A selection of photos from our day:

Udom Suk train station

Verandah at Jim Thompson House Museum

Silk weaving at Jim Thompson House Museum

Map of Siam, c. 1686

Morning Glory with Chili Peppers, Shrimp Spring Rolls with Spicy Basil Dipping Sauce

King Rama 9, Street Art Mural, Bangkok Art Culture Center

Just two friends on a journey in Asia

Street Art near Udom Suk Station

the incentive is you

This weekend was a wash, I worked later than planned on Friday night. That over exhaustion plus the dread of the blizzard that wasn’t, left little incentive to wake up early on Saturday. Tigger was in agreement, as he let me be for hours until Dad’s shoveling scraped my eyes awake. All in all I felt as if I lost another day.

Work has been busy, with a capital B. For the most part I feel as if everyone (save a few but I’ll leave those observations to myself) is on the same wavelength. We’re in start-up mode, with leaner teams and mountains of work.  The day is like water, a real time suck. In the past, I don’t think I ever felt it before, but I had a slight epiphany and in that revelation realized to some degree I’ve lost days. Days. Not minutes or hours, full on days!

time for a change

Last week I started to break free and leave early for “fun” events–dinner with dad/friends, writing groups, getting home early to read–in those few hours alone I was able to detox just enough to re-embrace life. Realistically it shouldn’t be that hard to do (winter cold as an obstacle notwithstanding). I used to engage all the time and at one point I averaged 2 concerts a week! But like any new activity or habit one reintroduces into life, it takes dedication and personal commitment to be successful.

This morning I had a conversation with a guy friend of mine, a new friend just getting to know my idiosyncrasies and flaws.  He asked me how I was and in giving him the update I mentioned how I needed to balance my work life, how it would be ideal to have an incentive to leave the office on time. He laughed, nearly guffawing on the phone (and I’m pretty sure he cursed in that supposed cough). Then soon after taking a deep breath, he told me that my incentive had to be me, that the desire to live a better life should be enough to get me out of the four walls of the office, and back into the world.

I think in most cases it’s about being brave, brave enough to keep the promises you make to yourself. Challenging yourself to follow your gut to make the call that changes your life. It’s about flipping perception to try something new, and that first step is always the hardest.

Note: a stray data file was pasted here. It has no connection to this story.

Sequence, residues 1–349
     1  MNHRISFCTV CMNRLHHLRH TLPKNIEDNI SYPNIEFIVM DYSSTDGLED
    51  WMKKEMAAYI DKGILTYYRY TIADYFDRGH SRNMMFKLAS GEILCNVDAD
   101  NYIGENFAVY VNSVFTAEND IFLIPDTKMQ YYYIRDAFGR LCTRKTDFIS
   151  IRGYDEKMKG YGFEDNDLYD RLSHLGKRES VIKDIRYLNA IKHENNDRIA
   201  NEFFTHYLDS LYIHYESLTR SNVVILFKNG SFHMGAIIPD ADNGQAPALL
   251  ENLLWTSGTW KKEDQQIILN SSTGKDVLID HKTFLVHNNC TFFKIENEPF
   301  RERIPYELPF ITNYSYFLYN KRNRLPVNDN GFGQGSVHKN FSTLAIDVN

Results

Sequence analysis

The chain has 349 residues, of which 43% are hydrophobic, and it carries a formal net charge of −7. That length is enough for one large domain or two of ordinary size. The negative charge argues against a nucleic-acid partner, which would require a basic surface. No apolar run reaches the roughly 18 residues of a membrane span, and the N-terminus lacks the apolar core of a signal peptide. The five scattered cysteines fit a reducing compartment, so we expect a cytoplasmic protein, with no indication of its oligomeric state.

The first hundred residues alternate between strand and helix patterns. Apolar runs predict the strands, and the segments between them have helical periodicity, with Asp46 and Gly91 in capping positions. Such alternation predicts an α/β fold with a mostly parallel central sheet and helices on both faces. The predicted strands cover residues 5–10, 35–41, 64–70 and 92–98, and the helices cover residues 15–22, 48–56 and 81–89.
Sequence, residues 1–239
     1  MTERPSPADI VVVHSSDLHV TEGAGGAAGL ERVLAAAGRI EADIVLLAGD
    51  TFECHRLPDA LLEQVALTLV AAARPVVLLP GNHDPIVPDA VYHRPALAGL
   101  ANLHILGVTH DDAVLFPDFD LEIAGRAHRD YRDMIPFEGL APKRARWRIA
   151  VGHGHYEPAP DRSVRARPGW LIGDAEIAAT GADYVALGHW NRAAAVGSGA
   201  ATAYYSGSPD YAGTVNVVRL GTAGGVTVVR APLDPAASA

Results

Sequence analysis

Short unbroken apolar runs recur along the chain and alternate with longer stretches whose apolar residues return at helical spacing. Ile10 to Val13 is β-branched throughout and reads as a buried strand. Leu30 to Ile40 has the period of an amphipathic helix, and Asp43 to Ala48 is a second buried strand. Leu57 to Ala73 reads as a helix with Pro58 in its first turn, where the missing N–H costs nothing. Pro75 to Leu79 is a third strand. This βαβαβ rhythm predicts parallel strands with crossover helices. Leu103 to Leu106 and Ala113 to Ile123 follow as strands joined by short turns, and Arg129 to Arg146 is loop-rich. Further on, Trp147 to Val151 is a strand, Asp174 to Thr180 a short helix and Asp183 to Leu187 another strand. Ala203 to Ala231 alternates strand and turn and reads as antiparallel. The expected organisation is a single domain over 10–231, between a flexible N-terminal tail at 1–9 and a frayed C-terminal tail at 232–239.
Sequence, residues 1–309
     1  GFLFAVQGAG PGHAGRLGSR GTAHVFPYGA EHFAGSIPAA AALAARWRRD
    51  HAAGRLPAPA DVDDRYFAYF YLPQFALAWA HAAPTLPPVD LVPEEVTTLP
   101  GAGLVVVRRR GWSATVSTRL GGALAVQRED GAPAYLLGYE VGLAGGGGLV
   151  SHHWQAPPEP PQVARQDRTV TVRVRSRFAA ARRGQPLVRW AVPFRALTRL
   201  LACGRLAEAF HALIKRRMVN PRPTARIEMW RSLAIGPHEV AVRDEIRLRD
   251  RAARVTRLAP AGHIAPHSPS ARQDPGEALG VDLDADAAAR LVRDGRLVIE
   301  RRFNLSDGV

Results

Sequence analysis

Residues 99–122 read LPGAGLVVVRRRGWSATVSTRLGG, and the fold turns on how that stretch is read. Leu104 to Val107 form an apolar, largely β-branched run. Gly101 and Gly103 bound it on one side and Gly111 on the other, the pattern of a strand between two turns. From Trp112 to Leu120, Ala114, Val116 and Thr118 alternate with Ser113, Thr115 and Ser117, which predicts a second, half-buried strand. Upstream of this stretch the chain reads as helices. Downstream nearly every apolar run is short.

Food for Thought

What do You Want to do in 2010?

100 Ways to Change Your Life

Embark on your Living Revolution

Sometimes, Change Happens at Home

Confidence is the Key

Il Primo Giorno: Ancient Rome

“What we do in life echoes in eternity.” – Maximus

eternal flame for the unknown soldier

The crux of the ruins and the Forum lie behind Via Venezia and the monument dedicated to Emmanuelle Vittorio II, Italy’s first king.  Manny must have made quite a splash—his monument is enormous featuring detailed carvings of battle shields and arms.  Military stands guard 24/7 watching over the Tomb of the Unknown Soldier, the flame a cenotaph and reminder that not all those who fall in the name of peace are known.

All roads lead to Rome...the phrase stems from the Romans expert construction abilities. What better evidence, then the Colosseum. One of the most renowned tourist attractions in Rome, it is quite impressive on the approach, the elliptical shape ominous and majestic from a distance. It makes the Roman skyline almost mystical. A good portion of the original structure of the Colosseum was destroyed in a series of earthquakes, and you can see where the original foundation began from the band of white floor stones just outside the entrance. From the travertine stone to the Tuscan columns with Doric, Ionic and Corinthian detail, there is no doubt why the Colosseum’s structure will remain an architectural achievement.